Our Humboldt– Looking toward the future through a cultural lens
In this issueEngage Volume 4, Issue 3, Summer 2014
Cultural AreasGeneral Culture
Humboldt is stepping into the future with a brand new culture-led growth plan. Concentrating on seven core values, the city is working to sustain a hub of cultural and economic life, to retain citizens, and attract people and investments from around the world. The community has worked together to identify that Humboldt is active, welcoming, prosperous, creative, green, connected and sustainable.
The preparation of the plan included work with the Canadian Urban Institute and an extensive community consultation process. Asking questions and listening to the answers created a sense of ownership of the plan, and people appreciated having a voice in the process.
Jennifer Brooks, director of communication and community development, City of Humboldt, says “The process was equally as important, if not more so, than the plan, at the end of the day because it provided a platform, not just to engage official and unofficial community leaders, but to engage the wider community from all different community sectors. I think that is what made the plan as comprehensive as it is, and I think it will serve us well in the long run.”
Through the process, it became clear that there was a real hunger for encouraging a culturally dynamic community. By creating a community that embraces culture, it really helps with community sustainability in the long term by making it an attractive place to live. “We couldn’t have gotten the amount, or quality of information, if we hadn’t reached out to the community to ask them what they wanted. The city council can’t do it alone. It was really quite something to see folks from different backgrounds, ages and ethnicities sitting at the table and working together to discuss what they loved about the community, what they wanted to retain, and what they wanted to make better,” says Brooks.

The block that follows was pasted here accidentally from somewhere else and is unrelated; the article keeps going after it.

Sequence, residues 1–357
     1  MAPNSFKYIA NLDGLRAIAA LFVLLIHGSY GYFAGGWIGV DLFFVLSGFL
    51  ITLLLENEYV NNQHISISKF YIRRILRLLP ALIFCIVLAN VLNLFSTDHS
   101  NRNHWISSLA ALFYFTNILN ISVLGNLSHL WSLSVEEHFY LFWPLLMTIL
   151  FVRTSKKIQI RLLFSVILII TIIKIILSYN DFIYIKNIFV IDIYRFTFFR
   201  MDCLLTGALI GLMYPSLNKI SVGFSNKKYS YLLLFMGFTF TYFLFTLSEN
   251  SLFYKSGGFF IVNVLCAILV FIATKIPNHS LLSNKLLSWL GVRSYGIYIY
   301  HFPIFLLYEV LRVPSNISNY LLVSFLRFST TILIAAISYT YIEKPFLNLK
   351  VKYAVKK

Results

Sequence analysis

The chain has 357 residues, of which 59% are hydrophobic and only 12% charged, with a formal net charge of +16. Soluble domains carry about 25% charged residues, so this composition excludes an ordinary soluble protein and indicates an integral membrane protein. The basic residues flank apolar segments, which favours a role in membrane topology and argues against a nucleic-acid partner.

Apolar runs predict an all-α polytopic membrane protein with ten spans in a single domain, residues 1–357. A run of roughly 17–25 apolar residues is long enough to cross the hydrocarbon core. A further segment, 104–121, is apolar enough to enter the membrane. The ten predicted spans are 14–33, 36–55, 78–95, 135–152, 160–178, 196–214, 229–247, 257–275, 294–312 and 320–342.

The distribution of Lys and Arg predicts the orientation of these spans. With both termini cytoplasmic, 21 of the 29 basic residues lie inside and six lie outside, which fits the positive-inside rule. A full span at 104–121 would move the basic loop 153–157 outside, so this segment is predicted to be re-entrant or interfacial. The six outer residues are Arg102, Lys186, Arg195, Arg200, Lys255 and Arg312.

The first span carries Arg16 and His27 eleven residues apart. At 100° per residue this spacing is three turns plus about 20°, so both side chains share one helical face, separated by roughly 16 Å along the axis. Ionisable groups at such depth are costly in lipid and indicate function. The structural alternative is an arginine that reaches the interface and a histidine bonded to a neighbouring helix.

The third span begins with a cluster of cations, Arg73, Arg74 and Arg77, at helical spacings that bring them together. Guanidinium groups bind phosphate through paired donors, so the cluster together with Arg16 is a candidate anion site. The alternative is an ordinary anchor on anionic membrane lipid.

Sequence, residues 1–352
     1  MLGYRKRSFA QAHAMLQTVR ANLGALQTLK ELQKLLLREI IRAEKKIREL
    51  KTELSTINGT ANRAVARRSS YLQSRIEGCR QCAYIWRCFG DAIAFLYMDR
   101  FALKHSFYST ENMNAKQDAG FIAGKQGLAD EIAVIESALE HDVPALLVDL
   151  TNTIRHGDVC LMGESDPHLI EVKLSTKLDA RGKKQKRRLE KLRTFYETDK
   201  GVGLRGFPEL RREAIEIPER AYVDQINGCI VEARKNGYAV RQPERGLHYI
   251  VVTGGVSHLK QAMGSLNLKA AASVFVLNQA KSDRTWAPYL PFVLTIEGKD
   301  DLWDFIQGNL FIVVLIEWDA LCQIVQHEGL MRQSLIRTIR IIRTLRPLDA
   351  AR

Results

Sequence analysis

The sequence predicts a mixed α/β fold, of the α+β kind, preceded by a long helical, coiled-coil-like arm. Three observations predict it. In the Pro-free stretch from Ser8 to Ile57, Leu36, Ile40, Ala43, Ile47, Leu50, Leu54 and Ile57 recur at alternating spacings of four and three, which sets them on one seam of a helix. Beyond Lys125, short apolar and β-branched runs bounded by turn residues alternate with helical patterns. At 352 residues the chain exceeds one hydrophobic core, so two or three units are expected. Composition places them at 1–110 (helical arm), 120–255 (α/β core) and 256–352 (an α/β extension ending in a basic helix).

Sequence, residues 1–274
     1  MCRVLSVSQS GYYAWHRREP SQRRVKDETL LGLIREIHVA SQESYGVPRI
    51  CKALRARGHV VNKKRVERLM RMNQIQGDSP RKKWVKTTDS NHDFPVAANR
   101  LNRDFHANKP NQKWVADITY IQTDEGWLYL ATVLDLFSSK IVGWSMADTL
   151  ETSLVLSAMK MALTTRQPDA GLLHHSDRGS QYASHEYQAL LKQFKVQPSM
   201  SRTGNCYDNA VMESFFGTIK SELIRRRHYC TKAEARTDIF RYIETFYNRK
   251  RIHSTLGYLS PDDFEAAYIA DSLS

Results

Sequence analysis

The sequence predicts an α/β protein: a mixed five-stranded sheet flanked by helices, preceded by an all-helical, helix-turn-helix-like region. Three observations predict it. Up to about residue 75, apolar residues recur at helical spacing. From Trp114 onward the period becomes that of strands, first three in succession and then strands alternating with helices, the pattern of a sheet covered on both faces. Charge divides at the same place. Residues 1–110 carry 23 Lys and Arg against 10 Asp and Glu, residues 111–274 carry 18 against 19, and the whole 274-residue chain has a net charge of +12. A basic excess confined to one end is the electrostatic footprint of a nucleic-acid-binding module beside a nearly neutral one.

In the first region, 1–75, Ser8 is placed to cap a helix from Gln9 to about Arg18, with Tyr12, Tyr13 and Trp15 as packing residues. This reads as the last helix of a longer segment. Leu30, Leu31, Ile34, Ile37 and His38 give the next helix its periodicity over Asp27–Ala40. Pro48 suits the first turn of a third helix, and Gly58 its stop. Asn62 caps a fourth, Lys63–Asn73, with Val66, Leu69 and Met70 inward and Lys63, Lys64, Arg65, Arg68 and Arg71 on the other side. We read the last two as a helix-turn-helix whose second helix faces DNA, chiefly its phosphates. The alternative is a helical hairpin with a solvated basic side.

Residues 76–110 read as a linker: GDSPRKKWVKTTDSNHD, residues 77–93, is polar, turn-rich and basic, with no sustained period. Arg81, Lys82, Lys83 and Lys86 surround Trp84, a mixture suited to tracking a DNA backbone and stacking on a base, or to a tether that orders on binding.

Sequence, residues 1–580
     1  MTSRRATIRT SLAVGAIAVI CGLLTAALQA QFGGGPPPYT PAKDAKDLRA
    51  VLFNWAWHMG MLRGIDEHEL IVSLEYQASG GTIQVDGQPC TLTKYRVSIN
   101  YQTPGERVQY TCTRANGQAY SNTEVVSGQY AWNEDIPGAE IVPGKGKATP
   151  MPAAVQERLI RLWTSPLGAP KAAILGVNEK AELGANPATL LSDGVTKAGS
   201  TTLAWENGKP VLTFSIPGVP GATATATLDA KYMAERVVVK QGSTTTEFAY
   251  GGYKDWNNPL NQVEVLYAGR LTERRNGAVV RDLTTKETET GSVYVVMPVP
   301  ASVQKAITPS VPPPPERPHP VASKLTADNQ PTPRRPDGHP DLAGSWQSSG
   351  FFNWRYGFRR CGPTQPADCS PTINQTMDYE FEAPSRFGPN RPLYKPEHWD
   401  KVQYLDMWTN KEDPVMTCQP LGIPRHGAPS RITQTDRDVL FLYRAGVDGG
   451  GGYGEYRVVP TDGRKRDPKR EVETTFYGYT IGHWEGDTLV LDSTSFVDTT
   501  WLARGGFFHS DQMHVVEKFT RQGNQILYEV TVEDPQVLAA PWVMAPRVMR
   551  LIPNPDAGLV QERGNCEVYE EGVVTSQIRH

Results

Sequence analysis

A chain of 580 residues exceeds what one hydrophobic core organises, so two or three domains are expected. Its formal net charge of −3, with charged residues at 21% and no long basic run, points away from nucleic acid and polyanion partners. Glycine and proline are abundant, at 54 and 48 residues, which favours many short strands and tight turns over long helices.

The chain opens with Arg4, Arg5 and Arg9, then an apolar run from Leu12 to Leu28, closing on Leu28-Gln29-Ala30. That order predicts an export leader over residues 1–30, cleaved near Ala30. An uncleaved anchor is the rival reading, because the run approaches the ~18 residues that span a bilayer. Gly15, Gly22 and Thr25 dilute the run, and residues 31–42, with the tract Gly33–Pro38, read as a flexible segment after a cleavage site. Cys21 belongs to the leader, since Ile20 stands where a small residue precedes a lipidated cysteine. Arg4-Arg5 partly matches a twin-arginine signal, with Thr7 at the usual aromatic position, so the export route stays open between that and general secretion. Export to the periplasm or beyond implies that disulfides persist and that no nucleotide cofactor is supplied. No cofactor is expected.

Brooks along with Jennifer Hoesgen, director, Humboldt and District Museum With their innovative approach using a culture-led and value-based planning process, Humboldt is being looked at as an example, and the planners have already been invited to share their ideas with other municipalities in Saskatchewan. In June 2014, the Canadian Urban Institute will be presenting the plan to the Creative Cities Network of Canada in Hamilton.
In January 2014, Humboldt opened its first public gallery. They were able to use the ideas in the plan as they opened. “We want to ensure that the new public space is a place that encompasses those values, is a welcoming place where creativity and culture is really celebrated, and that we look at how we can ensure that new diverse cultural groups are welcome,” explains Hoesgen. The City of Humboldt was able to develop their plan with funding help from a SaskCulture Municipal Cultural Engagement and Planning Grant.
The goal of the plan is to improve the quality of life in the community as it grows. “The name of the plan, speaks to the inclusiveness of it. ‘Our Humboldt’ was a very deliberate choice of names. ‘Our Humboldt’ is about our community, and it’s about ensuring people have ways to make the community their own and make it meaningful to them,” says Brooks.